It’s been a few days. Are you back to normal?

By “normal,” I mean trafficking in the nastiness that’s come to characterize our political discourse. If your answer is yes, you need to take some more time to think things over.

  • Individuals are responsible for their own actions, and the man who opened fire at a baseball practice for Republican congressmen on Wednesday could not blame anyone else. We should all be clear about that.

We should also be on the same page when it comes to the history of our political rhetoric. There was no distant past in which we were wholly cordial in our debates. It goes at least all the way back to the bitter election fought between John Adams and Thomas Jefferson. Adams’ son and Andrew Jackson traded insults and accusations of corruption. The 1860 election literally led to civil war. Lyndon Johnson depicted Barry Goldwater as a man who would spark global annihilation. You get the point.

All that said, there is something qualitatively different about political discourse today. For while history shows the tinge of violence in political rhetoric is not new, what is new is how instantaneous and interactive political talk is now, and how inundated we are with it.

It’s one thing to choose to read it in a newspaper or on a website, or to turn on the TV or radio to a political “talk” (read: “scream”) show. It’s another to have it swamp you on Facebook or Twitter, where it comes not just from politicians and talking heads — whose speech we can compartmentalize rather easily — but from our friends, relatives, co-workers, neighbors, classmates, pewmates. Many of them write with an assumption of agreement that does not always exist, and which does not always depart amicably when challenged. It’s even spilling over into polling places in the hotly contested 6th District election.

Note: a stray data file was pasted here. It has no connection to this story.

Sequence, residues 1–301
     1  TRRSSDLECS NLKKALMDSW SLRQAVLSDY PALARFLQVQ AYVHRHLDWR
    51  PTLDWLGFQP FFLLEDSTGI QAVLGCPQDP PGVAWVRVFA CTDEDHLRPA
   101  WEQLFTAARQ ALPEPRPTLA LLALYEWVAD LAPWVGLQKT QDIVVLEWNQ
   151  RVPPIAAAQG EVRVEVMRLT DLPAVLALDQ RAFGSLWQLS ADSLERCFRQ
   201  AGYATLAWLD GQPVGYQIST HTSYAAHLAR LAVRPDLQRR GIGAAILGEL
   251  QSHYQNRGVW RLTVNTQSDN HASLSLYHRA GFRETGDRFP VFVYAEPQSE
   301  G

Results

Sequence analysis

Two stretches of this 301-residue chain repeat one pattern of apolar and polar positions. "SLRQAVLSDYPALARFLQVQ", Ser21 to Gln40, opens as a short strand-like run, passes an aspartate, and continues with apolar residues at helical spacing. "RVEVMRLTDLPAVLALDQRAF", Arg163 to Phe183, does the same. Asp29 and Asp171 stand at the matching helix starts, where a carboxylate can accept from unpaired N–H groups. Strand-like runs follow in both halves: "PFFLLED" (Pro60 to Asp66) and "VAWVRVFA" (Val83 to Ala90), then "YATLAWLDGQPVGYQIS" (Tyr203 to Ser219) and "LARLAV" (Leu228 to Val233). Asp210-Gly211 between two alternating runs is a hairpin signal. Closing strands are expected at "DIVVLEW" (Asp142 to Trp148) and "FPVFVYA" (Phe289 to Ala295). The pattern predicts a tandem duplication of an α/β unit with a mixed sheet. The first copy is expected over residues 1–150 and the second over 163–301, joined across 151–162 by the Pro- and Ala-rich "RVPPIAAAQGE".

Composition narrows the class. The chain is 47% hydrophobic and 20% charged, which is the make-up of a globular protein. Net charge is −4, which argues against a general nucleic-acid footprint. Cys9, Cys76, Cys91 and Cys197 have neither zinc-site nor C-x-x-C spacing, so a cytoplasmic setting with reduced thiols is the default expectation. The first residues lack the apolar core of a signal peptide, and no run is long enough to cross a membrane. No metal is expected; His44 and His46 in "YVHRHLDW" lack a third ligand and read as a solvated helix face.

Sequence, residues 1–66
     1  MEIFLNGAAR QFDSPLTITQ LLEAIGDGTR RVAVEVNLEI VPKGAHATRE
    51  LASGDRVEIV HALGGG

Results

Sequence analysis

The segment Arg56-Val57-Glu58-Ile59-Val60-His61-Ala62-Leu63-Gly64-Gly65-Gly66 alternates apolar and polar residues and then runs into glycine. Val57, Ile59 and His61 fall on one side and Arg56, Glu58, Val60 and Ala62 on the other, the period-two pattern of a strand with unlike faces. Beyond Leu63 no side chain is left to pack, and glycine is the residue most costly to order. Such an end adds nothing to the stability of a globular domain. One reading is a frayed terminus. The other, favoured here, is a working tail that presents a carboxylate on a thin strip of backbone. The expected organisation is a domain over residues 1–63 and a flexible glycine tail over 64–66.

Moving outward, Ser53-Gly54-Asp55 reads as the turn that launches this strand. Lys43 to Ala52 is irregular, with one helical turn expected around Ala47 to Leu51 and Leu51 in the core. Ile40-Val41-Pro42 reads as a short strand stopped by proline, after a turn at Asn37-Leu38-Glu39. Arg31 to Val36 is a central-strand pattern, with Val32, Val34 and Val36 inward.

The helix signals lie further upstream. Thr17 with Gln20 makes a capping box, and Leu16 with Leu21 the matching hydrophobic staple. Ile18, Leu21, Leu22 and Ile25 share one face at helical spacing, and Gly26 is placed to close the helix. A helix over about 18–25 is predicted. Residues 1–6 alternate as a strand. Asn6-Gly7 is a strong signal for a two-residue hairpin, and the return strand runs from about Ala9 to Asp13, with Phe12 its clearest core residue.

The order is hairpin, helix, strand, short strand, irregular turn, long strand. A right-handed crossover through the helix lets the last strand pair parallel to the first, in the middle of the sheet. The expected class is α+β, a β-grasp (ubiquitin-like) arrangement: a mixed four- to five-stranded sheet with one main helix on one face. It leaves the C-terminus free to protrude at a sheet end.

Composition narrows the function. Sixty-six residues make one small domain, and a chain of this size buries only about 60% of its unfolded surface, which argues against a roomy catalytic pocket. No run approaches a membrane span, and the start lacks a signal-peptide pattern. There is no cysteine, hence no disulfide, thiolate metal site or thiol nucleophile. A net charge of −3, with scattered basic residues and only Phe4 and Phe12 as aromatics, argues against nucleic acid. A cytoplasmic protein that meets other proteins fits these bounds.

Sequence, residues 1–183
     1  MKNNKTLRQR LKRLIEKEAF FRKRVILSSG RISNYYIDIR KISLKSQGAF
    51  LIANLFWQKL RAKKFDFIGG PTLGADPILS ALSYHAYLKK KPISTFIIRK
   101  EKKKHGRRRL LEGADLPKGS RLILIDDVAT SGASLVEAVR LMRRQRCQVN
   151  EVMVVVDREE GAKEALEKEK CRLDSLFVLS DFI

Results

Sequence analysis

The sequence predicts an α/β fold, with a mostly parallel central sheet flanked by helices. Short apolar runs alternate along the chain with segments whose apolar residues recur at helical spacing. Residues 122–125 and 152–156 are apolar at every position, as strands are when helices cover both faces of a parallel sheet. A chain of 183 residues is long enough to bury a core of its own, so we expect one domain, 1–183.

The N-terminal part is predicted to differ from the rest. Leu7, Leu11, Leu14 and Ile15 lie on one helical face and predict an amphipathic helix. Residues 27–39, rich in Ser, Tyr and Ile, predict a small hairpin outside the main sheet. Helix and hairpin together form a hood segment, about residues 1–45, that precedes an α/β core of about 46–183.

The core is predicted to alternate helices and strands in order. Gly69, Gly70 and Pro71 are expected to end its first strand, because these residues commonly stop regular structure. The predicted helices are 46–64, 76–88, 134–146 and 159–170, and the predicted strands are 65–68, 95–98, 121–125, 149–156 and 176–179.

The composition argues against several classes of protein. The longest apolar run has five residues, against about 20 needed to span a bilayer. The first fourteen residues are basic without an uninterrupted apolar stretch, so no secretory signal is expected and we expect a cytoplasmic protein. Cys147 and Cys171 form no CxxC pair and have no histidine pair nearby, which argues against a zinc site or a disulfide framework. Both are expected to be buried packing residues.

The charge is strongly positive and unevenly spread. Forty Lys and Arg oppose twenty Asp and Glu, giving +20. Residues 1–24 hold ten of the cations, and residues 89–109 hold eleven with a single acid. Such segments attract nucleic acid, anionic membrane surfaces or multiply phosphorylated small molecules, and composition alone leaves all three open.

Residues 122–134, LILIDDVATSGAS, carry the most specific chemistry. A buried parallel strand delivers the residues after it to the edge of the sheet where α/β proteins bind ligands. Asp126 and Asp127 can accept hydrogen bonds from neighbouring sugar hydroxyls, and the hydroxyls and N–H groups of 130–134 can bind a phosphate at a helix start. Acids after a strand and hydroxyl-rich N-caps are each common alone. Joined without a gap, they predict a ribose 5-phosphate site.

In short, we can abide the emotive cries of our political class, exaggerated or not, better than those that come from a more personal level. I’m afraid the result is an atmosphere that makes people like the shooter in Alexandria more prone to believe he is acting rationally and even with the consent of others.

When past acts of violence were blamed on politics, either the ideology was a twisted one well outside the mainstream (think the Charleston shooter or various other acts by white supremacists) or a confused mishmash of ideas that could only be deemed coherent in the cracked-up mind in which they existed (as in the case of the Tucson shooter of Rep. Gabrielle Giffords). The Alexandria shooter was substantively different: While he apparently died too soon for authorities to interrogate him, he left behind a long trail of social media posts and letters to his local newspaper. He may have harbored a distorted view of what Republicans think and want to do, but it is a distortion widely held and propagated in America. (I hasten to add that similar distortions toward Democrats are also prevalent, and it’s easily conceivable a similar crime could be committed against Democrats by someone who falls on the right side of the political spectrum.)

This does not translate to collective guilt in actions like Wednesday’s, but there is a bigger question here: Is this the kind of people we want to be? I sure hope not. If you agree, I challenge you as an individual to ensure you represent yourself that way.

Kyle Wingfield writes for The Atlanta Journal-Constitution. He is a Dalton native and has also written for the Wall Street Journal and Associated Press.